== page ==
At least five high-profile Credit Suisse executives are leaving the company, UBS said in a memo Monday — the day UBS’s acquisition of the smaller Swiss bank closed.
Credit Suisse’s CFO, Dixit Joshi, is out, along with the bank’s investment-banking co-head, David Miller; its general counsel, Markus Diethelm; co-head of markets, Ken Pang; and Edwin Low, head of the Asia-Pacific region, UBS said in the memo seen by Bloomberg and the Financial Times.
Among Credit Suisse executives staying are Joanne Hannaford and David Wildermuth, two former Goldman Sachs execs the Swiss bank poached weeks apart in 2021. Hannaford, Credit Suisse’s ex-chief technology officer, will become head of tech for UBS’s U.S. wealth unit, UBS said. Wildermuth, meanwhile, has been appointed chief risk officer for UBS’s Americas division and for the banks’ U.S. legal entities.
Four other Credit Suisse executive board members have retained their roles, UBS said. Francesca McDonagh will continue as Credit Suisse’s chief operating officer; Christine Graeff, as Credit Suisse’s head of human resources; Andre Helfenstein, as CEO for the Swiss domestic unit. Nita Patel will stay on as chief compliance officer and will take on a global compliance, regulatory and governance leadership role for the combined bank as the integration of the two continues.
“While the transaction has closed, the most crucial phase is just beginning,” UBS Chair Colm Kelleher and CEO Sergio Ermotti wrote in a separate email Monday seen by the Financial Times. “We cannot cling to old rivalries, or be distracted by the integration and external pressures.”
UBS executives, meanwhile, have issued roughly two dozen “red lines” prohibiting Credit Suisse employees from a number of activities, people with knowledge of the matter told the Financial Times.
For example, Credit Suisse employees must ask UBS executives for permission to extend loans backed by assets such as yachts, ships and real estate of more than $60 million, the publication reported.
Credit Suisse bankers are also forbidden from taking on clients from nearly 30 countries including Libya, Russia, Sudan and Venezuela, without approval from UBS managers — a measure meant to limit the risk of money laundering, bribery and corruption.
Under new rules, employees of Credit Suisse’s Swiss bank must ask UBS for permission to extend loans to borrowers outside the country. And Credit Suisse bankers are no longer allowed to trade in a number of financial products, including Korean derivatives — a subset that cost the bank $120 million in 2006, according to the Financial Times.
“We will never compromise on UBS’s strong culture, conservative risk approach or quality service,” Kelleher and Ermotti wrote Monday in an open letter.
The right-sizing challenge
Among management’s top remaining challenges is right-sizing the workforce — although Ermotti told Swiss broadcaster SRF in an interview Monday that roughly 10% of Credit Suisse employees have left the bank in the months leading up to the acquisition’s closing.
“I’m sure that with early retirement, the fluctuation we will see and also a generous social plan, we will be able to bring this situation under control, but it will still be painful,” Ermotti told a conference Friday, according to Bloomberg.
Roughly 20% of the 160 leadership positions at the combined bank are coming from Credit Suisse, a UBS spokesperson told Bloomberg.
Former Credit Suisse wealth-management chief Francesco de Ferrari will remain as an adviser to Iqbal Khan, UBS’s private-banking head.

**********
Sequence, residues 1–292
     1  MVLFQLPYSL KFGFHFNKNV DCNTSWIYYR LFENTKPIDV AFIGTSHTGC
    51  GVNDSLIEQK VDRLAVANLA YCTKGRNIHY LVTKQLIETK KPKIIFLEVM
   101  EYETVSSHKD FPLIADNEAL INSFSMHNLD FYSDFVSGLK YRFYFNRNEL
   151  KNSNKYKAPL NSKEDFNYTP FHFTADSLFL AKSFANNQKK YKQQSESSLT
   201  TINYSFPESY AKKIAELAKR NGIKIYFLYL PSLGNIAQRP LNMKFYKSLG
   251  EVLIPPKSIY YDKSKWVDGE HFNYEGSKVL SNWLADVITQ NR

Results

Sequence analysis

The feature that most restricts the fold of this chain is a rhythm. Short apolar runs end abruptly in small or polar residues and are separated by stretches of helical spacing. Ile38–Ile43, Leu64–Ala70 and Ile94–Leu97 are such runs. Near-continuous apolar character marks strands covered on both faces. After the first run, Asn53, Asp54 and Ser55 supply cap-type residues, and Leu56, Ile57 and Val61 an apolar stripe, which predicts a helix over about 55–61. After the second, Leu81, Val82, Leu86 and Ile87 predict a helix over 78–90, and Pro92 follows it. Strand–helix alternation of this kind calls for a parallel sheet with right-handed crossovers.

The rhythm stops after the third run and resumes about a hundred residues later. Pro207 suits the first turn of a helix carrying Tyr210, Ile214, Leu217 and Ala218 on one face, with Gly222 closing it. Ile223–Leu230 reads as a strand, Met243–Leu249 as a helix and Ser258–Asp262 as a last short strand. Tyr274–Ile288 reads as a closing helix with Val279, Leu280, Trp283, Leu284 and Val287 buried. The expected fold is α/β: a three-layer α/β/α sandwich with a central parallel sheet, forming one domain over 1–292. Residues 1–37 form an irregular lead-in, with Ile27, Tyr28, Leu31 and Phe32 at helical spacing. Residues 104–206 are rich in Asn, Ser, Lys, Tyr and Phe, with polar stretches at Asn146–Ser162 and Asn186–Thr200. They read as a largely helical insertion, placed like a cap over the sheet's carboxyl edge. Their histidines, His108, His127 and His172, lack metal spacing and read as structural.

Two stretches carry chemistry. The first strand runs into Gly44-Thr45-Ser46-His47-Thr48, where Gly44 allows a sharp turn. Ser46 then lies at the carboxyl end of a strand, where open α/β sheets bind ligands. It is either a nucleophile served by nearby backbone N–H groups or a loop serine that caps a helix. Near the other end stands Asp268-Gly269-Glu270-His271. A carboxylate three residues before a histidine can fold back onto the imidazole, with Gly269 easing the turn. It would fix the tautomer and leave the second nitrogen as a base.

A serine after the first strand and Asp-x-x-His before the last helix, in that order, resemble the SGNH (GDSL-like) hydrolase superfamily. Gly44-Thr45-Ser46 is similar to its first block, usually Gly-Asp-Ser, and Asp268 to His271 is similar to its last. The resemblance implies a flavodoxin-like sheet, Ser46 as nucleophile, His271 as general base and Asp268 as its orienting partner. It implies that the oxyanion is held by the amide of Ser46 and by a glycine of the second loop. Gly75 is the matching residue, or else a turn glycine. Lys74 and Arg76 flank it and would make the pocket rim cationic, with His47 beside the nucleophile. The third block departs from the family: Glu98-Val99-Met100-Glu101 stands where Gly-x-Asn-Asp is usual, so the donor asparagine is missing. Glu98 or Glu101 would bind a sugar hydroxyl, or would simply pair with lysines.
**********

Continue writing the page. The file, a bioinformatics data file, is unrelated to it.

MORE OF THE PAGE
Michael Ebert, Miller’s former counterpart atop Credit Suisse’s investment bank, will lead the Americas investment bank and serve as head of Credit Suisse business within the UBS investment bank, UBS said.
Simon Grimwood, Credit Suisse's global head of tax and finance change, will succeed Joshi as Credit Suisse CFO. Grimwood has been managing integration planning since March, the bank said.
Jake Scrivens will replace Diethelm as general counsel.
Credit Suisse’s global head of operations, Isabelle Hennebelle, will join the board in her existing role.
Another big decision that looms for UBS is what to do with Credit Suisse’s domestic business. UBS had planned initially to fully integrate the unit but has backtracked, saying all options, including a sale or spinoff, were on the table. UBS said it would make a decision by this year’s third quarter. The bank also aims to detail integration plans for each of its business units — and for activities it means to wind down — by the fourth quarter, according to Reuters.
"We need to define the details and apply all that we have learned and discussed over recent weeks,” Kelleher and Ermotti said Monday. “And across all our businesses, we are planning efficiently and thoughtfully and will share information with you as soon as we can.”
UBS said last week it could close its $3.25 billion acquisition of Credit Suisse as early as Monday.
The Swiss government agreed last week to provide UBS with up to 9 billion Swiss francs ($10 billion) to protect it from losses after UBS fronts the first 5 billion francs.
The combined bank will have a balance sheet of $1.6 trillion and oversee $5 trillion in assets. Under the deal closed Monday, UBS and Credit Suisse will each continue to have their own subsidiaries and branches, according to a UBS press release. Credit Suisse will no longer trade on the New York Stock Exchange, and Monday is its last day of trading on the Swiss SIX exchange.
UBS last week said it would delay issuing its second-quarter earnings results until Aug. 31. The bank is expected to see a massive profit for the three-month period because it bought Credit Suisse for a fraction of its fair value.
UBS expects its CET1 capital ratio to be around 14% for the second quarter and stay there throughout 2023. The bank said it anticipates reductions in risk-weighted assets will offset Credit Suisse’s operating losses and restructuring charges